Cathy Lanier served as the chief of police for the Metropolitan Police Department in Washington, D.C. from 2007-2016. Since 2016, she has been the Senior Vice President of Security for the National Football League. PERF Executive Director Chuck Wexler spoke with Chief Lanier about how the NFL is preparing for the season during the pandemic, and her thoughts on the current state of police reforms in the United States .


NFL Season:  Planning for COVID Is Far More Complex than in Policing

Chuck Wexler: How does responding to a pandemic in the NFL compare to responding to a pandemic in policing?

Cathy Lanier: All my life I’ve been in policing, and we spend every day planning for and executing plans for a crisis. We need to be ready to turn on a dime and continue to operate.

It’s so much more difficult at the NFL than it was in policing. In policing, we had figured a lot of those things out. When we went through SARS back in 2005, it was complicated, but we had plans that we just needed to tweak a little bit.

For major league sports in general, there are so many complexities around a global pandemic. You have teams across multiple states and internationally. Schedules are fixed and need to be synchronized with precision. Large groups of people travel around the country and the globe during a season. The level of planning and contingencies we’re putting in place to move our season forward is incredible.

Wexler: How has the pandemic impacted the offseason and preseason?

Lanier:  Following CDC guidance and state laws and regulations while trying to implement a regular training season was challenging for every sport. You have restrictions across state lines, with some states requiring that you quarantine when you arrive from other states. CDC guidance says you should maintain six feet of distance between yourself and others and that you wear proper PPE. But it’s kind of hard to play football when you’re six feet away from everyone else. Facilities were closed, and there were stay-at-home orders, so it delayed strength training and conditioning. For contact sports there are a lot of challenges.

Wexler:  How is the NFL planning to navigate the upcoming season?

Lanier: The safety of everyone involved is always the first priority. That is the core principle that we’re working around.

Starting with that as a principle, our first plans were to gradually allow the coaching staff and business staff to return to facilities where they could, because there were still stay-at-home orders.

And when you think about professional sports, there’s an equity issue here. If you have one state that allows coaching staff or players to return and other states don’t allow it, it creates a competitive equity issue. So we had to coordinate those plans across all the clubs so that everyone had the same opportunity.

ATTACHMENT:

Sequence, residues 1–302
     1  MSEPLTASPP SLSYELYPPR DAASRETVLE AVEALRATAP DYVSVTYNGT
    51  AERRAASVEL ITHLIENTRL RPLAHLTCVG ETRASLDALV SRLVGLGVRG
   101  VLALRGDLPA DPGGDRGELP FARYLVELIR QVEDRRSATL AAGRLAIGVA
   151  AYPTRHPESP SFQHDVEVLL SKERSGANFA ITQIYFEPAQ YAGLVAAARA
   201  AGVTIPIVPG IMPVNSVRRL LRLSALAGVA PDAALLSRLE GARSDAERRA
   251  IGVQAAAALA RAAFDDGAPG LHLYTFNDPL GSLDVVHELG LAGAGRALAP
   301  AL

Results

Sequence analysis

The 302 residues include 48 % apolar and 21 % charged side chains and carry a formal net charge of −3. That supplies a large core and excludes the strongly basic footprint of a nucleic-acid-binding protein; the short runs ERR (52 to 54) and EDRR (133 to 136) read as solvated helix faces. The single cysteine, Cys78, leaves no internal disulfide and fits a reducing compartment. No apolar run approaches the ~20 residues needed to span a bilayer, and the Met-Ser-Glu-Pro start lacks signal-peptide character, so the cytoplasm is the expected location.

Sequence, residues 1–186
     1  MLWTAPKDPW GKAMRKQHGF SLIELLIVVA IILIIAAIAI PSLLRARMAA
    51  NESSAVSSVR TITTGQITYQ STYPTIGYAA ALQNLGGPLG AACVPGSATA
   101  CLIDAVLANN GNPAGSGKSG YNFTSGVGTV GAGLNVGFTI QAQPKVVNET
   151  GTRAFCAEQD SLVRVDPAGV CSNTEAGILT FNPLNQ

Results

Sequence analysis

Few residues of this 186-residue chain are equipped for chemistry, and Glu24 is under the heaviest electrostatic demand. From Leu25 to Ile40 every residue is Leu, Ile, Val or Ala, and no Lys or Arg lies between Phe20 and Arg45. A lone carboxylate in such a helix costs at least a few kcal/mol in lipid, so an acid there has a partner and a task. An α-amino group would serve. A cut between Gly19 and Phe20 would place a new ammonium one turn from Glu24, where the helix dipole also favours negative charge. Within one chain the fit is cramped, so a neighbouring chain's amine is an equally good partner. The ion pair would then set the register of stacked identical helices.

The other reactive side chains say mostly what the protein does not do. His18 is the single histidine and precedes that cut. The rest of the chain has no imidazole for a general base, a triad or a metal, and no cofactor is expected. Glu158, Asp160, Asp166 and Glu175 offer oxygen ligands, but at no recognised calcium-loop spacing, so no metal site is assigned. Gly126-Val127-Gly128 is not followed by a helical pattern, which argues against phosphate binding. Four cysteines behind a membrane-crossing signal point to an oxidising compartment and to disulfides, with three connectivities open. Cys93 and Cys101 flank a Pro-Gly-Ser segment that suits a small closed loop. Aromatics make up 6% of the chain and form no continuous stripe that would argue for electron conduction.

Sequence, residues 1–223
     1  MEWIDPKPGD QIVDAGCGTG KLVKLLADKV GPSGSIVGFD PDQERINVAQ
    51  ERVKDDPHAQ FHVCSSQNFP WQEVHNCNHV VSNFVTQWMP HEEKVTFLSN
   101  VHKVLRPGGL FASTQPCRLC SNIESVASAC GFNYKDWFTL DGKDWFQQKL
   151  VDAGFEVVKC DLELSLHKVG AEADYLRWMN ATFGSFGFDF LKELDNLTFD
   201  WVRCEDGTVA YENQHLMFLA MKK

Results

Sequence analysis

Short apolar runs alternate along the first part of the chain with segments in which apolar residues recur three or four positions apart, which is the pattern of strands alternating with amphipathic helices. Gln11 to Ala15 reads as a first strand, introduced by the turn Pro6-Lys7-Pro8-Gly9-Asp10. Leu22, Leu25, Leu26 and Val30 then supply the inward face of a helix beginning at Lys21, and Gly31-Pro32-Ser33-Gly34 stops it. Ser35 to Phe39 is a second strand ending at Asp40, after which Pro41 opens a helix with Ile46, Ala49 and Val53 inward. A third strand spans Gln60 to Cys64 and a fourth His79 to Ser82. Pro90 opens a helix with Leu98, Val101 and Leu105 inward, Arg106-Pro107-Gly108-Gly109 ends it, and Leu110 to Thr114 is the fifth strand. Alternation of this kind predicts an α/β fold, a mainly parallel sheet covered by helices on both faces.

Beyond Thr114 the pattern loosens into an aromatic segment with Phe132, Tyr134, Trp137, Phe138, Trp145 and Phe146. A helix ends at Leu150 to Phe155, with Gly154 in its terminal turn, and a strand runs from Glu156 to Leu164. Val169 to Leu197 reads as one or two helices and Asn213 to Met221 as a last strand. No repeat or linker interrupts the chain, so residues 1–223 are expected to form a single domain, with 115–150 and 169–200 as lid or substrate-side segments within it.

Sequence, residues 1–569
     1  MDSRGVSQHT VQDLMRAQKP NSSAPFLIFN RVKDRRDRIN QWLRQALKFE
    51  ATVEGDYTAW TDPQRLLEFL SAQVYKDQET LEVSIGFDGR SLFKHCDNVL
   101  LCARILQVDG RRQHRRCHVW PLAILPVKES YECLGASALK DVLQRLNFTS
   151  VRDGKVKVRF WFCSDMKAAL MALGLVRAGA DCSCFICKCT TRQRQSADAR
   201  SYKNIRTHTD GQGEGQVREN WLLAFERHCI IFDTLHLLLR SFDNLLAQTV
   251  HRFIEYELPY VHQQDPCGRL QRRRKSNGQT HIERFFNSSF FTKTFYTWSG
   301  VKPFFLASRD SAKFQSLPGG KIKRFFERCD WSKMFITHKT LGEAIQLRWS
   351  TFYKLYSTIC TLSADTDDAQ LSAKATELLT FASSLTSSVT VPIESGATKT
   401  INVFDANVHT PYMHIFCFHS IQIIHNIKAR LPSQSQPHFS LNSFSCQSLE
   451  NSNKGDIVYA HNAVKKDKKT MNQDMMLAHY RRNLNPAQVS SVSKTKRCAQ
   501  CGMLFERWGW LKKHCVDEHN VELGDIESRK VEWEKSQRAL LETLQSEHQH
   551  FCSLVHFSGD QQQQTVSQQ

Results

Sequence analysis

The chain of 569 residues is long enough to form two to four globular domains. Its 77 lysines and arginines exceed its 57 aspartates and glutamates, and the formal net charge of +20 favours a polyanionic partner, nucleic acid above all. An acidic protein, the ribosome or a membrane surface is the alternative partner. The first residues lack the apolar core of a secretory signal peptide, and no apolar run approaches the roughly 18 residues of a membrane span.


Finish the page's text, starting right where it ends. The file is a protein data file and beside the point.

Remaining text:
Then we put standards on returning to facilities, including protective equipment and proper sanitation. In sports there are a lot of frequently touched items and areas. So we needed sanitation to make sure everything remains safe.

And how do we safely broadcast games? Broadcasting requires bringing large groups of people to the same place.

So it’s just one layer after another after another. The goal is to just peel back each layer like an onion and put those security plans in place. But we stick to the same guiding principles from the very beginning. We’re going to stay in compliance with CDC guidance to make sure everyone stays safe, and we don’t contribute to the spread of the virus.

Wexler:  All the positive tests from the Marlins and other Major League Baseball teams must have made you nervous.

Lanier:  Sure. We’ve been following other sports leagues, first those outside the United States that returned to play, then other major league sports in the U.S. We feel fortunate because we’ll be the last group going through this. We’ve watched the NBA, NASCAR, and baseball, and we’ve learned more each time from everybody else’s execution. But we can’t implement exactly the same plans they have, and they can’t implement exactly the same plans we have. The NBA is playing in a bubble. That’s a massive undertaking, and it would be impossible for us to do and carry out our season.

We watch everything that happens in all the other sports, and are learning from everybody to see if there are adjustments we need to make.

Wexler:  Is it more difficult because football is a contact sport?

Lanier:  The big challenge there is making sure we have adequate, robust testing, then isolation to make sure there is no exposure between tests. I think we’ve done a really good job putting together a program that will get us going. Is it possible that people will test positive? I’m sure we will. It’s hard to imagine that we won’t. But I think we have a plan in place that significantly reduces that risk, as much as we possibly can.